BOSTON – While many Americans struggle to afford their prescription drugs, a new survey of retail prices of commonly-prescribed medications found patients can save hundreds, even thousands of dollars in some cases by shopping around at pharmacies within their communities.
MASSPIRG, Health Care For All, Senator Jason Lewis and Representative Christine Barber and others called for prescription drug pricing reform as MASSPIRG released their report, The Real Price of Medications: A Survey of Pharmaceutical Prices, revealing a wide variation in the retail pricing of prescription drugs by pharmacies large and small, urban and rural.
The report found that on average the median or typical prices for the drugs surveyed was almost nine times higher than the lowest price found for the same medicines. In Massachusetts, for the medication esomeprazole, a generic drug to treat gastro reflux, the typical price was 1,400 percent higher than the lowest price.
“This is an awful deal: our medications don’t work any better when we pay more for them,” said Deirdre Cummings, legislative director for MASSPIRG.
Nearly 1 in 4 Americans struggle to afford their prescription drugs primarily because of high prices. In Massachusetts, drug spending is the second highest category of spending growth in the health care system.
Sen. Lewis and Rep. Barber outlined their new bill, cosponsored by 56 lawmakers, An Act to Ensure Prescription Drug Cost Transparency and Affordability Act (H1133/ S706) to protect consumers and rein in runaway drug prices.
“Out-of-control pharmaceutical costs are not only a major driver of increased insurance premiums, but also a threat to the quality and affordability of healthcare for economically-vulnerable people across Massachusetts, like senior citizens and low-income families,” said Sen. Lewis, the Senate sponsor of the bill. “This legislation is a vital first step towards improving transparency and controlling drug costs.”
The legislation uses a number of strategies that include providing transparency around the underlying costs to produce prescription drugs; restraining abuses of pharmacy benefit managers (PBMs); authorizing the Health Policy Commission to set upper payment limits for unreasonably high-priced drugs; requiring pharmacists to inform consumers if purchasing a drug at the retail price would be cheaper than using health insurance; providing tools to strengthen MassHealth’s ability to negotiate lower drug prices; and permanently authorizing and funding “academic detailing,” an evidence-based prescriber education program.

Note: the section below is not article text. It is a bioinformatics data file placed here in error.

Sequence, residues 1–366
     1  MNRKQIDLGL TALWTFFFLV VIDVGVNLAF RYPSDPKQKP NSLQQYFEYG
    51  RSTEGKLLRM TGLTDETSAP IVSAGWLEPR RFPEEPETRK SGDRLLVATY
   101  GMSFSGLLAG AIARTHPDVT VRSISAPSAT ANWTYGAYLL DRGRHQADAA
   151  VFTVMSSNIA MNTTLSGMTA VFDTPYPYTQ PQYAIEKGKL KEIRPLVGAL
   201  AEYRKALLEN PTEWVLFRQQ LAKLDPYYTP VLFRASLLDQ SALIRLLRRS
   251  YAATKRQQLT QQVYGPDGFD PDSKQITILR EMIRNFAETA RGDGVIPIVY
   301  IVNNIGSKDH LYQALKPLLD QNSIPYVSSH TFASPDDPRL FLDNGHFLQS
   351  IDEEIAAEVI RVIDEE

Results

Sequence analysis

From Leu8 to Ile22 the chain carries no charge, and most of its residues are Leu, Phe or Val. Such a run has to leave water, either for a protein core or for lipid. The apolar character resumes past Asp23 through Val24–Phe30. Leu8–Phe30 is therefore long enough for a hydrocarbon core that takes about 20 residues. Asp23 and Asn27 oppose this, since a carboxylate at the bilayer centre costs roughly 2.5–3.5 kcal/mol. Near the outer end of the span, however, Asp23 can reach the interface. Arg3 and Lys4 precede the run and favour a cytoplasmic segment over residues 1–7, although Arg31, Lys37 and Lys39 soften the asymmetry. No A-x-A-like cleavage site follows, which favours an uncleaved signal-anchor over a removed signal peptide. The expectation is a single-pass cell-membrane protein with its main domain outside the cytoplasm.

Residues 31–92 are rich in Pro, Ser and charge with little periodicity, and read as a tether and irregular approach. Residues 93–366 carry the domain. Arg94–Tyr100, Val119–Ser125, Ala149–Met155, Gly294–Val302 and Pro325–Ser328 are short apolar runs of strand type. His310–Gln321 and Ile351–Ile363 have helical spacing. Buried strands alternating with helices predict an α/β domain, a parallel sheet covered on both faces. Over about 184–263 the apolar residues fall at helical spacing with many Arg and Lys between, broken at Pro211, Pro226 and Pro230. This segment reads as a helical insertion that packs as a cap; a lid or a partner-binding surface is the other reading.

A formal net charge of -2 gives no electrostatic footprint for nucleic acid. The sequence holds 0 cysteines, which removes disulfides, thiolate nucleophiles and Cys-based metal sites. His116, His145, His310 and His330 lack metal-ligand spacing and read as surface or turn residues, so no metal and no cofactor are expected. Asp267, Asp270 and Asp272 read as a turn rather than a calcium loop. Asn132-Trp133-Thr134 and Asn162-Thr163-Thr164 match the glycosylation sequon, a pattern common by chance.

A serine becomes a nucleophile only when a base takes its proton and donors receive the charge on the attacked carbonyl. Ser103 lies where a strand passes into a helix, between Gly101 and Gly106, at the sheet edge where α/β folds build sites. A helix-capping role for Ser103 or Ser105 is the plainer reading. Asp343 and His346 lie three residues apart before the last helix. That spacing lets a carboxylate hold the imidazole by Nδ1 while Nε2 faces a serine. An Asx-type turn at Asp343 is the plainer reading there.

“This report from MASSPIRG shows the rising costs and lack of transparency over how prescription drugs are priced, which creates a burden on families and small businesses, as well as the state’s budget for MassHealth,” said Rep. Barber, the legislation’s lead House sponsor. “Our bill aims to make prescription drugs affordable and available for Massachusetts consumers by increasing transparency for drug pricing and making the pharmaceutical industry accountable, as we all work to control health care costs.”
“The concept of shared responsibility has been fundamentally important to the health care success story in Massachusetts. Hospitals, insurers, businesses, providers, and consumers have all made meaningful sacrifices to ensure the people of the Commonwealth have the coverage they need and that we work to bring down costs. Each of these entities has put some real skin in the game, but the pharmaceutical industry has not. It is time that they step up and be part of the solution,” said Amy Rosenthal, executive director of Health Care For All.
U.S. PIRG Education Fund surveyed more than 250 pharmacies in 11 states, including Massachusetts, for cash prices on 12 common drugs. Researchers found that consumers face a dizzying array of price differences:
• Patients could save from $102 - $5,400 a year between minimum and median prices of the selected medications by shopping around.
• Prescription drug price variation appeared disconnected from where the medicines were sold in urban and rural locations across many states; the median price for the surveyed brand and generic drugs varied an average of 892 percent from the cheapest available price.
• Switching from brand name drugs to generic alternatives can help save money. For example, switching from the brand acid reflux medication Nexium to its generic could save a patient an estimated $756 annually.
• Brand name drugs did not adjust to competition from generic drugs, even years after they entered the market. For instance, patients who switch from branded Lipitor to its generic could save an estimated $3,927 annually.
• Large chain pharmacies tend to have higher prices than their small chain or independent counterparts, despite having more leverage in the marketplace. Eight of the 12 drugs in the survey had higher median prices of 8.8 percent to 840 percent at large chains compared to small or independent pharmacies.
• In Massachusetts, the survey found that Atorvastatin (the generic of Lipitor, a blood pressure medication) had a price variation of 1,100 percent from the typical price to the lowest. In this case, shopping around for the lowest price could save patients $1,200/year.